Culminating a decade of planning, innovation and testing, construction of the world's largest neutrino observatory, installed in the ice of the Antarctic plateau at the geographic South Pole, was successfully completed on 18 December 2010, New Zealand time.
The last of 86 holes had been drilled and a total of 5 160 optical sensors are now installed to form the main detector – a cubic kilometre of instrumented ice – of the IceCube Neutrino Observatory, located at the National Science Foundation's Amundsen-Scott South Pole Station.
From its vantage point at the end of the world, IceCube provides an innovative means to investigate the properties of fundamental particles that originate in some of the most spectacular phenomena in the Universe.
In the deep, dark, stillness of the Antarctic ice, IceCube records the rare collisions of neutrinos – elusive sub-atomic particles – with the atomic nuclei of the water molecules of the ice. Some neutrinos come from the Sun, while others come from cosmic rays interacting with the Earth's atmosphere and dramatic astronomical sources such as exploding stars in the Milky Way and other distant galaxies. Trillions of neutrinos stream through the human body at any given moment, but they rarely interact with regular matter, and researchers want to know more about them and where they come from.
The size of the observatory is important because it increases the number of potential collisions that can be observed, making neutrino astrophysics a reality.
The completion of construction brings to a culmination one of the most ambitious and complex multinational scientific projects ever attempted. The total project cost was $279 million (R1 900 million).
The University of Wisconsin-Madison, as the lead US institution for the project, was funded by the National Science Foundation to manage and co-ordinate the work needed to design and build the complex and often unique components and software for the project.
The university designed and built the Enhanced Hot Water Drill, which was assembled at the physical sciences lab in Stoughton, Wisconsin. The 4,8-MW hot-water drill is a unique machine that can penetrate more than two kilometres into the ice in less than two days.
After the hot water drill bores cleanly through the ice sheet, deployment specialists attach optical sensors to cable strings and lower them to depths between 1 450 and 2 450 metres. The ice itself at these depths is very dark and optically ultratransparent.
Each string has 60 sensors at depth and the 86 strings make up the main IceCube Detector. In addition, four more sensors sit on the top of the ice above each string, forming the IceTop array. The IceTop array combined with the IceCube detector form the IceCube Observatory, whose sensors record the neutrino interactions.
The successful completion of the observatory is also a milestone for international scientific co-operation on the southernmost continent. In addition to researchers at universities and research labs in the US, Belgium, Germany and Sweden – the countries that funded the observatory – IceCube data are analysed by the larger IceCube Collaboration, which also includes researchers from Barbados, Canada, Japan, New Zealand, Switzerland and the United Kingdom.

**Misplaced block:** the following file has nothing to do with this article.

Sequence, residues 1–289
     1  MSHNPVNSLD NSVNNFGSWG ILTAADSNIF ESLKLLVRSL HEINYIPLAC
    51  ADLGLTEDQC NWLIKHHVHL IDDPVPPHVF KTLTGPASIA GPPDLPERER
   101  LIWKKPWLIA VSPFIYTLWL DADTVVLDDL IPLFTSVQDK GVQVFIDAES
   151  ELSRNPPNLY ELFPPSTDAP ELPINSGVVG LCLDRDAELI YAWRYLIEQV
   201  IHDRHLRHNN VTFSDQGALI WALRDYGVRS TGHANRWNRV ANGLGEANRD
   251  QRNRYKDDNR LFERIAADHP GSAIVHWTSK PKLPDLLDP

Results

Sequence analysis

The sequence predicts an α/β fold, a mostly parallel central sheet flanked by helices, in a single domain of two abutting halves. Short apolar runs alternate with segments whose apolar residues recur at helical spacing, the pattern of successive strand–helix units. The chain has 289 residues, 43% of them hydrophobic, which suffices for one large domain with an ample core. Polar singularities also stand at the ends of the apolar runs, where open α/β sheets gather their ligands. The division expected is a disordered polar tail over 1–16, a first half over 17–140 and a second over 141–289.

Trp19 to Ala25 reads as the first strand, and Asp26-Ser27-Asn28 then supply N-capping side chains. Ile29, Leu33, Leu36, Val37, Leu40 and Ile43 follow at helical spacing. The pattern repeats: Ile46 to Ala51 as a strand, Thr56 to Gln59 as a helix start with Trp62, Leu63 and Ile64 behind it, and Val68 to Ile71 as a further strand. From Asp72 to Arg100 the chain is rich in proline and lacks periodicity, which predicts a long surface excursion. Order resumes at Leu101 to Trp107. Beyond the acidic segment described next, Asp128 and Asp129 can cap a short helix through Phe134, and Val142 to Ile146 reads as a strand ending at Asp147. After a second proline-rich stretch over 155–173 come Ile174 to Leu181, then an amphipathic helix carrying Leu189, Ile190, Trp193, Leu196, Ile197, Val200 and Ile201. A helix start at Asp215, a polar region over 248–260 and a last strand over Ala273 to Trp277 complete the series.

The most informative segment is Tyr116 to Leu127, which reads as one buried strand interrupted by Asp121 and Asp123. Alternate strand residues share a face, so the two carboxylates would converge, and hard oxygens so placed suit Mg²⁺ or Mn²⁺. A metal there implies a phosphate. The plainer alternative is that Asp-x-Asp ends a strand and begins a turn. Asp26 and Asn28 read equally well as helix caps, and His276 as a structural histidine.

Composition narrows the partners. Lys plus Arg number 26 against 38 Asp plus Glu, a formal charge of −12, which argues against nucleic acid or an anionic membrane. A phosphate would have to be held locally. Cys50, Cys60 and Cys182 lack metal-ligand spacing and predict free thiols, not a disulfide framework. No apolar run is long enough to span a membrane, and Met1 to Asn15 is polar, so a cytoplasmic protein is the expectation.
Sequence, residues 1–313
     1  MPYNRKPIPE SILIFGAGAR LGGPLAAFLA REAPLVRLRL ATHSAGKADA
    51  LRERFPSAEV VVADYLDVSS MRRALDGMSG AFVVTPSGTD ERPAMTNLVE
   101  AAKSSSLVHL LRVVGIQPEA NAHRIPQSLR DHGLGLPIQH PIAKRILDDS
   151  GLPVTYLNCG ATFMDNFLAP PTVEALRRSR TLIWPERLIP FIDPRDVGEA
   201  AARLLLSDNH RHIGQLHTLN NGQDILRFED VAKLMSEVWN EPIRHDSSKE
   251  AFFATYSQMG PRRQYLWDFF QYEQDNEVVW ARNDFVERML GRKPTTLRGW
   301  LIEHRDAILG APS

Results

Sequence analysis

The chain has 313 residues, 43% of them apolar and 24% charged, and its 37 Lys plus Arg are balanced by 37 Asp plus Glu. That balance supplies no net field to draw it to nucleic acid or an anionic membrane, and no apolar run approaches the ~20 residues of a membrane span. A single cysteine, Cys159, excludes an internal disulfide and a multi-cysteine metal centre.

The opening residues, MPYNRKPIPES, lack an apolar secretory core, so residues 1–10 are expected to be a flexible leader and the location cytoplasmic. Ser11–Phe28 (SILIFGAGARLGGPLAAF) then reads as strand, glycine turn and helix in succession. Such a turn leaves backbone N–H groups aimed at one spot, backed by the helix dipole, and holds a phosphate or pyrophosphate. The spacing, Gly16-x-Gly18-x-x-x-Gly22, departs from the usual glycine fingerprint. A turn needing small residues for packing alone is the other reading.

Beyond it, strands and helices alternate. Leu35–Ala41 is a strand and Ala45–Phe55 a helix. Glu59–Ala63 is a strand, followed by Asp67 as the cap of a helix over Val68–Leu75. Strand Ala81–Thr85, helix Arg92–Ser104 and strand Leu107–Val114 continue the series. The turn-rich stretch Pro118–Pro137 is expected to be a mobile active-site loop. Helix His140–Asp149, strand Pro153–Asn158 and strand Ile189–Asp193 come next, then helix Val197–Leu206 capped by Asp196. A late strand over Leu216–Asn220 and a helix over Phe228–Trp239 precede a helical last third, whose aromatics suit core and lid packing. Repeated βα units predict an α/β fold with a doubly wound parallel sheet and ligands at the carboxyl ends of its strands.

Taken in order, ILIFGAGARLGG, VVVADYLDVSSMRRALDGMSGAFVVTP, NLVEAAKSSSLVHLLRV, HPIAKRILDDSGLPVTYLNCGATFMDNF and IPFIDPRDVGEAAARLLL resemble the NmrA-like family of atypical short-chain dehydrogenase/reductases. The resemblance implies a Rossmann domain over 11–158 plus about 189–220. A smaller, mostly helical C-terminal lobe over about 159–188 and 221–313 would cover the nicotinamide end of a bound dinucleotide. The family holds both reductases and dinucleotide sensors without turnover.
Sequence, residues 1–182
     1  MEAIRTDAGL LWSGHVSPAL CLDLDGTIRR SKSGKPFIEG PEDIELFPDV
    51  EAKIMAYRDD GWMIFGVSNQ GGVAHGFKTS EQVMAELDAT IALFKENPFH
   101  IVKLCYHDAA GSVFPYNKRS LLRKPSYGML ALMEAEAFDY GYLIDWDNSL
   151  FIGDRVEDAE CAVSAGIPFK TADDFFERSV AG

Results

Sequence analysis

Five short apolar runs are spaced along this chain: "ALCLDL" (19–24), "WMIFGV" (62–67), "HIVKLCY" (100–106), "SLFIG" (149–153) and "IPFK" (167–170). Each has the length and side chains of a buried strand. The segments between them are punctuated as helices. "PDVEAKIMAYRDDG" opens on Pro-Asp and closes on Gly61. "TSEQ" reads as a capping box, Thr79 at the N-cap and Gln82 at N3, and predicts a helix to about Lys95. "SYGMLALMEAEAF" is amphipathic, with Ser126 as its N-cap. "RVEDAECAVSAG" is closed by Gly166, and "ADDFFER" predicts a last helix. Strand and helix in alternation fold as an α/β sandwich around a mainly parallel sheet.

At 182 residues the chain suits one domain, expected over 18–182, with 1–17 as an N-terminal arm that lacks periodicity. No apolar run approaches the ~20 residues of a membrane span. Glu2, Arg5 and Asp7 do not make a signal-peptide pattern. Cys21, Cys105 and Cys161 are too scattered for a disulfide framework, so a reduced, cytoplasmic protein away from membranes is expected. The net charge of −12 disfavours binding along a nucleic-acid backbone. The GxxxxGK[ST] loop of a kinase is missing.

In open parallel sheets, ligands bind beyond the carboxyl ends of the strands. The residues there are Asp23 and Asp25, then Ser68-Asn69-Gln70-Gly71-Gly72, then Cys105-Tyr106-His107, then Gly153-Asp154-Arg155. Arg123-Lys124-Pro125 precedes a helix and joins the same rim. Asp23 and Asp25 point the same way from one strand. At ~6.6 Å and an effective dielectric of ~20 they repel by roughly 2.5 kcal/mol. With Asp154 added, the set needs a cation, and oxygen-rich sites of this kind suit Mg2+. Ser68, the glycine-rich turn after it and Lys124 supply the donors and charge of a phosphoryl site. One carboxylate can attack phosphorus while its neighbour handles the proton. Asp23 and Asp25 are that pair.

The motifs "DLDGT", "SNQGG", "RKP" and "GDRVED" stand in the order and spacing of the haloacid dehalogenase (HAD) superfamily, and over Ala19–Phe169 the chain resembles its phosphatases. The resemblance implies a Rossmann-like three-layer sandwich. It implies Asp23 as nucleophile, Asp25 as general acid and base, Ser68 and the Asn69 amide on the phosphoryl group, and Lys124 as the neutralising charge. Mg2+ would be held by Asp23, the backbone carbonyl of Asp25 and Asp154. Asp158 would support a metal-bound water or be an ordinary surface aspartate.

"IceCube is not only a magnificent observatory for fundamental astrophysical research, it is the kind of ambitious science that can only be attempted through the co-operation – the science diplomacy, if you will – of many nations working together in the finest traditions of Antarctic science toward a single goal," said Karl A Erb, director of NSF's Office of Polar Programs.
IceCube is among the most ambitious and complex scientific construction projects ever attempted.
To build the observatory, all project personnel, equipment, food, and detector components had to be transported to Antarctica from various places around the globe. Everything then had to be flown in ski-equipped C-130 cargo aircraft from McMurdo Station near the Antarctic coast to the South Pole, more than 1 200 air kilometres away.
Working only during the relatively warm and short Antarctic summer – from November through February, when the Sun shines 24 hours a day – drill and deployment teams worked in shifts to maximise their short time on the ice each year.
An international team of scientists, engineers and computer specialists have been working on development and construction of the detector since November 1999, when the first proposal was submitted to NSF and partners in Belgium, Germany and Sweden.
In the 1950's, Nobelist in physics Frederick Reines and other particle physicists realised that neutrinos could be used as astronomical messengers. Unlike light, neutrinos pass through most matter, making them a unique probe into the most violent processes in the universe involving neutron stars and black holes. The neutrinos IceCube studies have energies far exceeding those produced by manmade accelerators.
Unlike many large-scale science projects, IceCube began recording data before construction was complete. Each year since 2005 following the first deployment season, the new configuration of sensor strings began taking data. Each year as the detector grew, more and better data made its way from the South Pole to the data warehouses in the University of Wisconsin and around the world.
"Even in this challenging phase of the project, we published results on the search for dark matter and found intriguing patterns in the arrival directions of cosmic rays. Already, IceCube has extended the measurements of the atmospheric neutrino beam to energies in excess of 100 TeV," said Francis Halzen, principal investigator for the project. "With the completion of IceCube, we are on our way to reaching a level of sensitivity that may allow us to see neutrinos from sources beyond the Sun."
Watch a video showing the researchers working on the construction of IceCube Neutrino Observatory: